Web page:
Friday, 17 May 2013

Of Religion and Reference

Levi's latest diatribes against religion reminded me of this: "Belief in the Second Coming means many Americans see efforts to tackle climate change as futile"

I'm not sure I agree with him entirely but the above would seem to bear out the general point Levi is making.  Indeed, I had a similar reaction when reading through Latour's Gifford lectures.  He insists that the religious mode has nothing to do with the mode of reference -- he says that religion is only really about spreading 'Good News' and thus converting strangers to kin within a religious community.  But that simply isn't true for the vast majority of Christians that I've ever met (friends, family, acquaintances, etc.).  Many and perhaps even most of them really and truly believe that God exists ‘out there’ and that various items of religious dogma are literally and straightforwardly true -- creation, the apocalypse, morality, etc.  Their faith may waver -- they may harbour uncertainties -- but that is more of a quantitative distinction than a qualitative one.  (In other words, I may be uncertain whether I have any milk left in the fridge but my uncertainty doesn't change the referential character of the truth; likewise, just because someone isn't sure whether or not God exists doesn't necessarily change what they mean by 'exists.')

Of course, Latour is arguing against mainstream Christianity as much as he is against scientism or atheism but the fact remains that his ‘religious mode’ doesn’t describe religious practice as it exists, it rather identifies an essence to Christian religion that is allegedly obscured by the intrusion of other modes, chiefly reference.

But the simple fact is that most Believers don’t hold intellectualised, philosophised, hermeneuticised religious beliefs but fairly straightforwardly literal beliefs about the actual structure of the world.  In my experience, most people operate within a single mode for the most part; the multiple modes idea is more of a partially realised ideal than an accurate description.

An objection that any atheist always runs up against when arguing positively for atheism (and thus against religion) is: 'oh but that's just a caricature of religion, we don't really believe that'.  And to an extent that's a valid objection because religion is an enormously varied and complex phenomenon.  But at the same time it gives non-atheists unlimited leeway to shift the goalposts -- they can never be pinned down to any particular position; they can always shift the ground of conversation; from existence to meaning to belief, and so on.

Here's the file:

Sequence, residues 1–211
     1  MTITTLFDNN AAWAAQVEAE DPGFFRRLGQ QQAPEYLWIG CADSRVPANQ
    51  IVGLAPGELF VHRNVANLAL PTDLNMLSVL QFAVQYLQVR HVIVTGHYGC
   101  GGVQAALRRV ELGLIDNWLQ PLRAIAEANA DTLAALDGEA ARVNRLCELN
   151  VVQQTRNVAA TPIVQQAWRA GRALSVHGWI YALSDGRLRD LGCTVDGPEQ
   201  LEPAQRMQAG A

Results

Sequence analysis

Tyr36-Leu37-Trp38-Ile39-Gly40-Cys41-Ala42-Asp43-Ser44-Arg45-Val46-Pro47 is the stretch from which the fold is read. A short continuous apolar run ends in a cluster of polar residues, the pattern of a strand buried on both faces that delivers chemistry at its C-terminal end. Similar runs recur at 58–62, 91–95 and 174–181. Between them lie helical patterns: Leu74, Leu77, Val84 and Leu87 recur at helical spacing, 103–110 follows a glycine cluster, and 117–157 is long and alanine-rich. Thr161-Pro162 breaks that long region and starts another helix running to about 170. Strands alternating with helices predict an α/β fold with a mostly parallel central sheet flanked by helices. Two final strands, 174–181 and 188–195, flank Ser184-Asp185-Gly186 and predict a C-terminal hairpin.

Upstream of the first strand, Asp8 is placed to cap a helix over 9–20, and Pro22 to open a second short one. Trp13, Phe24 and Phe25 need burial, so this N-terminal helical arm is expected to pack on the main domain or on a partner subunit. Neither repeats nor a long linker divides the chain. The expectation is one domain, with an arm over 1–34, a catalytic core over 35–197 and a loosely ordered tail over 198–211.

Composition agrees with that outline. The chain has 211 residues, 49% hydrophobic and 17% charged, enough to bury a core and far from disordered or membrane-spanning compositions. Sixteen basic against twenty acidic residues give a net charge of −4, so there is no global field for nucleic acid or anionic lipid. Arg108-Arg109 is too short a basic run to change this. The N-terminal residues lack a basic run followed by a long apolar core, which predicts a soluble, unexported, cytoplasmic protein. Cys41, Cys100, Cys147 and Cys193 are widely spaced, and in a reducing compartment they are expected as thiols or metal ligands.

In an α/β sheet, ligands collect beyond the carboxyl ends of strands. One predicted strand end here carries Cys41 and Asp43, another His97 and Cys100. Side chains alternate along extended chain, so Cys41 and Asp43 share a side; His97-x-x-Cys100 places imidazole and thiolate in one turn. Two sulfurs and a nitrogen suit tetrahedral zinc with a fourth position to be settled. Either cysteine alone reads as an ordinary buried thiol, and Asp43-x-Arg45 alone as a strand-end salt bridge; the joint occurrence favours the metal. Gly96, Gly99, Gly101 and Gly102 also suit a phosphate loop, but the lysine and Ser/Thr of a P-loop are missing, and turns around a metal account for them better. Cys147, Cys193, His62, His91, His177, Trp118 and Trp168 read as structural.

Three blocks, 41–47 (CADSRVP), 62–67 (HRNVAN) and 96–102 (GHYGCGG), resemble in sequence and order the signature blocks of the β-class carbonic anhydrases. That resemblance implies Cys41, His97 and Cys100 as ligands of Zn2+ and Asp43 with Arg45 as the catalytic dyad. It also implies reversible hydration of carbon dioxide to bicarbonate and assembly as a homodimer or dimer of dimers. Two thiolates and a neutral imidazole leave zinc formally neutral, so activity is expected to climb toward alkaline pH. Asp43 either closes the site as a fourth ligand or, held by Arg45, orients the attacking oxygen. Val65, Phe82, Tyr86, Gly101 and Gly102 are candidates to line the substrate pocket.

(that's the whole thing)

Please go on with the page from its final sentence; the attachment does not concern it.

So, yes I think Levi is probably arguing against a caricature but (a) that's unavoidable and (b) that caricature does apply quite well to an awful lot of people, as the above article concerning climate change demonstrates.

1 comment:

  1. In Latourian fashion let me propose a symmetry: 1)Latour's ideas about science are not shared by most scientists; 2)Latour's ideas about religion are not shared by most religious people. Both of these are true enough. I assume you have no problem with 1. You are not a Sokalist. So why is 2 any different? Why is it a defect in Latour's thinking about religion that his ideas are not commonplace?

    People, religious or not, do often think about religion as essentially concerned with subjective beliefs about objective realities. This is quite antithetical to Latour's philosophy. It is not that he does not know that people speak of themselves as holding "fairly straightforwardly literal beliefs" but that there is no place for that sort of thing in his own thinking. Where others see literal beliefs he sees things far richer, more complicated, tangled, active; not to be confined to subjectivity. He finds a simplicity at the heart of religion, but it is not something to be found in belief.